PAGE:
Brazil’s Amazon forests are ablaze with dozens of fires, most of them set intentionally by loggers and others seeking greater access to forest land. How long the fires can continue is unclear. But at this scale, they are paving the way for a global climate catastrophe. While European leaders and civil society in many places are organising protests to oppose policies that encourage the fires, the Brazilian President Jair Bolsonaro has stated that they are an internal matter and that they were actually started by the very non-governmental organisations who are now shouting “fire”.
The American President Donald Trump has withdrawn from the Paris Climate Agreement stating that it is against the national interests of the U.S. Across the Atlantic, British Prime Minister Boris Johnson, a vocal critic of European integration, has spoken from both sides of his mouth on climate change, receiving funding from climate science denial groups while saying that he would lobby the U.S. to take climate change more seriously.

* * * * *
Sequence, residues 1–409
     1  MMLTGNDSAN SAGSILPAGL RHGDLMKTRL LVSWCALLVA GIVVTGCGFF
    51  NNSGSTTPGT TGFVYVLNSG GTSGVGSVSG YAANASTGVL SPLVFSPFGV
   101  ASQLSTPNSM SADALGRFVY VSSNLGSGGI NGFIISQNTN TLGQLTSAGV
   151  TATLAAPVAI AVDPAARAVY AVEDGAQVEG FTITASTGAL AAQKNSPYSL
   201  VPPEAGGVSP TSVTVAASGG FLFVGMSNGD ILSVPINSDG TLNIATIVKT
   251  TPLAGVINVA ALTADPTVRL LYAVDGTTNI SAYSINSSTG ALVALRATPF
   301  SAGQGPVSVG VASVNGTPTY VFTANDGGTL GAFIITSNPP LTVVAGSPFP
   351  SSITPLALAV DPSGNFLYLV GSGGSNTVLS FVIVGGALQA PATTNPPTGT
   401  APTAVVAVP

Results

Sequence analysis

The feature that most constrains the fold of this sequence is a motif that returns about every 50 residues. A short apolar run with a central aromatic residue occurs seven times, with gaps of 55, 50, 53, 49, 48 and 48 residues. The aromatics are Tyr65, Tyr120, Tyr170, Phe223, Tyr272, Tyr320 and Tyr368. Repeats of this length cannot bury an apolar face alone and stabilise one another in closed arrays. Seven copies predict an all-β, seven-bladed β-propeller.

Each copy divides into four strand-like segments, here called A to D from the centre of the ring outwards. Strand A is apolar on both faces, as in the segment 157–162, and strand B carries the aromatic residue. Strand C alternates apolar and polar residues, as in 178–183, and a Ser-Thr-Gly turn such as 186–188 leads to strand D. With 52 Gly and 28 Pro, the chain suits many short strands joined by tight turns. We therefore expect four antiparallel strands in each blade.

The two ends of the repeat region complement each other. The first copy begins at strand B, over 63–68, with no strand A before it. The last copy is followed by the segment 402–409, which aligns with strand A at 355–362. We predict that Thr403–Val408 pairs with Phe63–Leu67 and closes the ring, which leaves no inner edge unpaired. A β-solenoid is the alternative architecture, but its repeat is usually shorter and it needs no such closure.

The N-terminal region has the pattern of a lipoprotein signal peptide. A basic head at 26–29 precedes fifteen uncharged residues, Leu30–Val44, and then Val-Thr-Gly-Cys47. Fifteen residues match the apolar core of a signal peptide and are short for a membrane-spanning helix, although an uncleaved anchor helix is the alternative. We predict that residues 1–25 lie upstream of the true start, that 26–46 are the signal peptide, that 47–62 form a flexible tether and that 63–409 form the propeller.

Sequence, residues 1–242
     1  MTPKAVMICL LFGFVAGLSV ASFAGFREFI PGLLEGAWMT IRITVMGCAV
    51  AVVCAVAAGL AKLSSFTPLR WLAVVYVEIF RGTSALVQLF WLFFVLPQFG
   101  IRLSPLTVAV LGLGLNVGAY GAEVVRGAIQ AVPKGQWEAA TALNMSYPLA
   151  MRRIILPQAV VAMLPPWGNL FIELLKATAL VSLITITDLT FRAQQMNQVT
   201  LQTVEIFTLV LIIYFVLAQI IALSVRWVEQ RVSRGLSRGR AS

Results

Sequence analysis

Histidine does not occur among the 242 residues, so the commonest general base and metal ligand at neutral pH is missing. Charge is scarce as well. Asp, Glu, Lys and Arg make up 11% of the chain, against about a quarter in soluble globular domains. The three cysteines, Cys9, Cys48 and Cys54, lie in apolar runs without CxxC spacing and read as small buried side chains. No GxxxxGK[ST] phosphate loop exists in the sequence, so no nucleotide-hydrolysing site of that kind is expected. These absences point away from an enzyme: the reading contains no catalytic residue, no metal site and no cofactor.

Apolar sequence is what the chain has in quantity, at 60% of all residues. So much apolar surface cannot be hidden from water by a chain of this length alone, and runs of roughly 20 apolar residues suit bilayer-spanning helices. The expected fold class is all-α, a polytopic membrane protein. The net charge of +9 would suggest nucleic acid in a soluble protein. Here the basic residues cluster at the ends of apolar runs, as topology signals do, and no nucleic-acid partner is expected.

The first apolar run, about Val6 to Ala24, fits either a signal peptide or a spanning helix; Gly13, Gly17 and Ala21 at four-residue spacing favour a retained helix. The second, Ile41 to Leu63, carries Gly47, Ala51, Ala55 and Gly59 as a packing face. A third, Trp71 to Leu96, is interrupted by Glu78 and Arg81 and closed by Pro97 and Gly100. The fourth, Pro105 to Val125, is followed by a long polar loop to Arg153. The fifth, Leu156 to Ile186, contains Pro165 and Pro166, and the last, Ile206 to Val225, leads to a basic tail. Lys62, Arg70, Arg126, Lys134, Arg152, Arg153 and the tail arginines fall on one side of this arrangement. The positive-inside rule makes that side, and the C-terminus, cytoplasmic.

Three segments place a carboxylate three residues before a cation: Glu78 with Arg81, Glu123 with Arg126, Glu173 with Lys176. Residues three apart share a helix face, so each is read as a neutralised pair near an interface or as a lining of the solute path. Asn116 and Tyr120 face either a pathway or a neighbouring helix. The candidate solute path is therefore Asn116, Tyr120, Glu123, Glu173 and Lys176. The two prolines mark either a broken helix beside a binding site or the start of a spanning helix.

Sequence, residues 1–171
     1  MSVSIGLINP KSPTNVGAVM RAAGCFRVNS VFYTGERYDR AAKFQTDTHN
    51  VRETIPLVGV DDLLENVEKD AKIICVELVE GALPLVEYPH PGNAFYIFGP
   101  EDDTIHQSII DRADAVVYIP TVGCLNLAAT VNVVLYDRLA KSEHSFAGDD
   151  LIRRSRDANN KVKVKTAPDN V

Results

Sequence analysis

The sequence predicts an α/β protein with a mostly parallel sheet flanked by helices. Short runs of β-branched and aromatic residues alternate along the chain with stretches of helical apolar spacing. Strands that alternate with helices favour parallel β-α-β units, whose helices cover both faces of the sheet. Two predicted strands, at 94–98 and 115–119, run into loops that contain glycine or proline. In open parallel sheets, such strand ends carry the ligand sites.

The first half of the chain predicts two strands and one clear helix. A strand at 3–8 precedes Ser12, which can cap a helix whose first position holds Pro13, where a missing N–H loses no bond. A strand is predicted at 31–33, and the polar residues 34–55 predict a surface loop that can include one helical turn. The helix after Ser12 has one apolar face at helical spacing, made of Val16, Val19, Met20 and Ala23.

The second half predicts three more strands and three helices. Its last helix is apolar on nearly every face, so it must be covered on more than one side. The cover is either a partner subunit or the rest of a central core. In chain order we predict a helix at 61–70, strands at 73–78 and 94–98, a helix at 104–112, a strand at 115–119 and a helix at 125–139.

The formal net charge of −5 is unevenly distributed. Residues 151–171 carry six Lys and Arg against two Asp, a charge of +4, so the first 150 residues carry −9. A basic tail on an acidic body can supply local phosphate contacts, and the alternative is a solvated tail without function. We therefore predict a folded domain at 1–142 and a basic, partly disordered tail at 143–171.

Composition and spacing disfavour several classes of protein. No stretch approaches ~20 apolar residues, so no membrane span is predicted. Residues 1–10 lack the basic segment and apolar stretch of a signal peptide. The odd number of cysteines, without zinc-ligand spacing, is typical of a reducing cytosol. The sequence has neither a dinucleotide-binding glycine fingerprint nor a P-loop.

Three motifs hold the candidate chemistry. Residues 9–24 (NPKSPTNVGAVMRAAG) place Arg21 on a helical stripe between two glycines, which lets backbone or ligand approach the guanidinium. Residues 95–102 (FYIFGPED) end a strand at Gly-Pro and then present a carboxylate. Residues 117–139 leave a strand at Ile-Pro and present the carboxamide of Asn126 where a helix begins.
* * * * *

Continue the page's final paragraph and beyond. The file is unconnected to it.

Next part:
Meanwhile, many cities in Europe and elsewhere have seen high temperatures never before experienced. Heat waves have also accelerated melting of glaciers in Greenland at a rate that was not anticipated by scientific models until much later this century.
The burning of the world’s largest forest reserves, the withdrawal of the world’s leading polluter from a major international treaty and the U.K.’s isolationist policies may appear to be the triumph of nationalist ideology. But these actions have consequences that far transcend national boundaries and impact all creatures that share life on the planet.